All posts by willhirstle

CLIFF FALLS NEAR DOVER

Living on the coast I sometimes see how a storm that lasts just a few hours can make a lasting impression on a coastline.

One of my favourite places to see this dynamic process in action is the towering Abbot’s Cliff between Dover and Folkestone.

The soft chalk cliffs are exposed to everything the English Channel can throw at them. New landscape features and habitats are always taking shape here, from the small-scale to the dramatic. Enormous rock falls  expose new cliff faces, and natural processes create some unusual niches for wildlife. It really does go to show that coasts like this are ever-changing landscapes.

The soft chalk cliffs are exposed to everything the English Channel can throw at them. New landscape features and habitats are always taking shape here, from the small-scale to the dramatic. Enormous rock falls  expose new cliff faces, and natural processes create some unusual niches for wildlife. It really does go to show that coasts like this are ever-changing landscapes.

REVEALED – the most tranquil places in kent

Just at the moment, tranquillity is something people need more than ever. But can it still be found in South-East England? I decided to look back at places I’ve been to in recent years that still possess remoteness, peace and quiet in this busy, built-up corner of the world.

My starting point was a tranquility map that has been produced by the Campaign for the Protection of Rural England. They have looked at factors like noise levels, visual intrusion, naturalness, and remoteness from roads and settlements. The end result charts tranquility across England – the deeper the green, the deeper the calm!

I looked more closely at those green patches we have in Kent and thought about some of the peaceful spots I’ve discovered. This is the first of six posts about these secluded corners.

A lost settlement on Romney Marsh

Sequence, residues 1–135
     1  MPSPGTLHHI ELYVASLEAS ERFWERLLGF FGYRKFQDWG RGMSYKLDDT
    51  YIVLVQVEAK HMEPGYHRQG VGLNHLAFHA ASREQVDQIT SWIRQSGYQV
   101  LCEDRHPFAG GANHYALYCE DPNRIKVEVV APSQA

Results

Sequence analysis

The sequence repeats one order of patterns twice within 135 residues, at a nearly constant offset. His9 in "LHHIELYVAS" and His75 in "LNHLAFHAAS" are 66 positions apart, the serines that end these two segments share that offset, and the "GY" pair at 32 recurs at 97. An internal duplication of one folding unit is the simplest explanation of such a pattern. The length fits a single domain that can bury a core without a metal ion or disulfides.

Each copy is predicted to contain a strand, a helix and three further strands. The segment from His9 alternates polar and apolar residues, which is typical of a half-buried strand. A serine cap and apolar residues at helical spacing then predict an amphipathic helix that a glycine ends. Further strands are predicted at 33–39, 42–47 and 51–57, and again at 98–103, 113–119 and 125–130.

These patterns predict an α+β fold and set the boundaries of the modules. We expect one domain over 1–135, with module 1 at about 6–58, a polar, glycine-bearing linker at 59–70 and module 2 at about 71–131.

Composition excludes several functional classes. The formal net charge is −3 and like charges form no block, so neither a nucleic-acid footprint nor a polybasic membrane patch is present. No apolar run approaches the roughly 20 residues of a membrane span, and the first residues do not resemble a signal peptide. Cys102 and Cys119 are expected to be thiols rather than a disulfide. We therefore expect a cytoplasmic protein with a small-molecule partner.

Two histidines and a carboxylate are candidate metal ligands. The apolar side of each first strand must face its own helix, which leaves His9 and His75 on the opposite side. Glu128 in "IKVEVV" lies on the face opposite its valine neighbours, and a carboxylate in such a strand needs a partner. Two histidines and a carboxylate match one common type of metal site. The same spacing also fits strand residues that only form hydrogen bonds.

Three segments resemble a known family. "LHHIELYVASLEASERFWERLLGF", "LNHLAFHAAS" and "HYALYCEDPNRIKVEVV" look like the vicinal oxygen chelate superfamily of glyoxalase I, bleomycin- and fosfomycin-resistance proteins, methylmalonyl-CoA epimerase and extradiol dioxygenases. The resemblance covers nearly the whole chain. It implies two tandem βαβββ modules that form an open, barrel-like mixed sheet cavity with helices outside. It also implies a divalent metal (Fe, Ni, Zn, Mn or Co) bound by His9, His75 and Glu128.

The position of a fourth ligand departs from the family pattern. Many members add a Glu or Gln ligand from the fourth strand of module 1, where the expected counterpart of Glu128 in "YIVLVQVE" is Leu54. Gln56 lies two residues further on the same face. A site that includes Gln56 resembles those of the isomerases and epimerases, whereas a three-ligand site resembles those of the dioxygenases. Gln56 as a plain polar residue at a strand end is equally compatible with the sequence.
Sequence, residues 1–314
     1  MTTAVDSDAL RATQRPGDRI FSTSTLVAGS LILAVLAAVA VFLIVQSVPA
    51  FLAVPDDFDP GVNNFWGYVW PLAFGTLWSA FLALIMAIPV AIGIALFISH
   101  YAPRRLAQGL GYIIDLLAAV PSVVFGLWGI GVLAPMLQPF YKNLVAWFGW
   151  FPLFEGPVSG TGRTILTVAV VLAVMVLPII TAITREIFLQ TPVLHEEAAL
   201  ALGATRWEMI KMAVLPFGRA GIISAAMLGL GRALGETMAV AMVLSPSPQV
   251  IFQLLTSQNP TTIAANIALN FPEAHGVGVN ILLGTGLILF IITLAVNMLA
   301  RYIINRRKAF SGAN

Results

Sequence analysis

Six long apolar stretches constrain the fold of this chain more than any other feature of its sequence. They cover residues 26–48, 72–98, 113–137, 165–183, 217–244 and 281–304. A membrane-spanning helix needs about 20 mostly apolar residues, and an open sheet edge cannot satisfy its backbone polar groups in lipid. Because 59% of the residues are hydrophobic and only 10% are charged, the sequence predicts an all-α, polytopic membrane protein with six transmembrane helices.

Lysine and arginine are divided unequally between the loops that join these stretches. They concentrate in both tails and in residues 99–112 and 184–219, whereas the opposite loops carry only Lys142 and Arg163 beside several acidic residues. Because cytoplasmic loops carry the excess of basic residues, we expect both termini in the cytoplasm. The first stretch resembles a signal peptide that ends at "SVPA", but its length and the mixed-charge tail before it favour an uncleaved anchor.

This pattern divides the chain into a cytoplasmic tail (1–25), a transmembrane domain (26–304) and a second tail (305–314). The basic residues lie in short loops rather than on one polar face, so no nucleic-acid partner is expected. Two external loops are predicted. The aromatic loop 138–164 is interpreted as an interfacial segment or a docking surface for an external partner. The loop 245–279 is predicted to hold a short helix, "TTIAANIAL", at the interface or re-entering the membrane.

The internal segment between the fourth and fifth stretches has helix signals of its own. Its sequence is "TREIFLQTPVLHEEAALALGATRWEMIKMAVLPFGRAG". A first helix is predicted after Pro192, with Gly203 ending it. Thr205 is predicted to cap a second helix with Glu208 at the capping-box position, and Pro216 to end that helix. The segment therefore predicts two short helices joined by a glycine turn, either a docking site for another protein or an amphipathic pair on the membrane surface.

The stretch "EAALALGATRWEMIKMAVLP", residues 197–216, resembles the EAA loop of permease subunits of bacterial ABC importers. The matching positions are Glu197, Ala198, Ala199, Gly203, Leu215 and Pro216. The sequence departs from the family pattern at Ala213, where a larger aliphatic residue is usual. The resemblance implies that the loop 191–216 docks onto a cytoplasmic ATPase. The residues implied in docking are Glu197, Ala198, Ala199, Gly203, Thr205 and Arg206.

Perhaps unsurprisingly Romney Marsh is the largest green area in Kent on the tranquillity map, and there are plenty of out-of-the-way places to choose from on this unique peninsula.

Many are drawn to the other-worldly landscapes of Dungeness, but I find the visual intrusion of the power station too great; what’s more, word has got out about this remarkable place and it now gets many visitors.

Dungeness
Dungeness – as visually bizarre as it is ecologically unique

Walland Marsh is the part of Romney that is most remote from roads and settlements, but it too is impacted by power generation – in this case a wind farm. Of course I’m all for renewable energy, but the turbines are just too prominent for me to feel that removal from civilisation.

The wind farm at Little Cheyne Court

My choice for a quiet corner of the Marsh is Eastbridge. Now, even people who live on the Marsh on reading this may be saying, ‘I’ve never heard of Eastbridge’! That’s because it’s a lost settlement. It once stood between Newchurch and Burmarsh but was abandoned in the Middle Ages. All that remains today is a ruined church.

The ruin of Eastbridge church

The surrounding countryside is a patchwork of pasture and arable, home to hares, marsh harriers and scattered farmsteads. The power station and wind farm are distant on the horizon, instead the beautiful Lympne escarpment is the backdrop. The only thing that might disturb the quiet is the mystical call of lapwings or the distant whistle of a steam train on the Romney Hythe and Dymchurch Railway.

Please check current restrictions before travelling to any locations mentioned.

What we do…

At Clarity Interpretation we help people discover, explore and engage with natural and historic environments.

We plan, write, design and supply interpretation of all kinds, using both traditional media, such as interpretation boards, and new technology. From developing ideas to the finished product, we can provide everything required at every stage of a project.

Our clients, who are mainly in the countryside, conservation and heritage sectors, range from the smallest community groups to national organisations.

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Our main areas of work are:

Interpretive planning

Interpretation panels

Leaflets and other print

Exhibitions and displays

Signage and waymarking

Mapping

Illustration

Clarity Interpretation was founded by CEO Will Hirstle in 2000.

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